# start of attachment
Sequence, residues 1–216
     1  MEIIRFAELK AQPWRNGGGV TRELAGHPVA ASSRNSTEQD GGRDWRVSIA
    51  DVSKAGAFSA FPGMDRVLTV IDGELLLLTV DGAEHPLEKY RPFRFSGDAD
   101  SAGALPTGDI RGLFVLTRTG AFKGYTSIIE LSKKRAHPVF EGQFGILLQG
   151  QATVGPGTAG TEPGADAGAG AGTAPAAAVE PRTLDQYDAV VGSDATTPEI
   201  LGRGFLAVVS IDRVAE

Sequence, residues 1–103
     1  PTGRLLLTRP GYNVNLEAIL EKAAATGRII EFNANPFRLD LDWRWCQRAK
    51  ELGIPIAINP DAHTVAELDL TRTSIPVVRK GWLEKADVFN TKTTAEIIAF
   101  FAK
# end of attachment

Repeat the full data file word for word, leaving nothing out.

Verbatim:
Sequence, residues 1–216
     1  MEIIRFAELK AQPWRNGGGV TRELAGHPVA ASSRNSTEQD GGRDWRVSIA
    51  DVSKAGAFSA FPGMDRVLTV IDGELLLLTV DGAEHPLEKY RPFRFSGDAD
   101  SAGALPTGDI RGLFVLTRTG AFKGYTSIIE LSKKRAHPVF EGQFGILLQG
   151  QATVGPGTAG TEPGADAGAG AGTAPAAAVE PRTLDQYDAV VGSDATTPEI
   201  LGRGFLAVVS IDRVAE

Sequence, residues 1–103
     1  PTGRLLLTRP GYNVNLEAIL EKAAATGRII EFNANPFRLD LDWRWCQRAK
    51  ELGIPIAINP DAHTVAELDL TRTSIPVVRK GWLEKADVFN TKTTAEIIAF
   101  FAK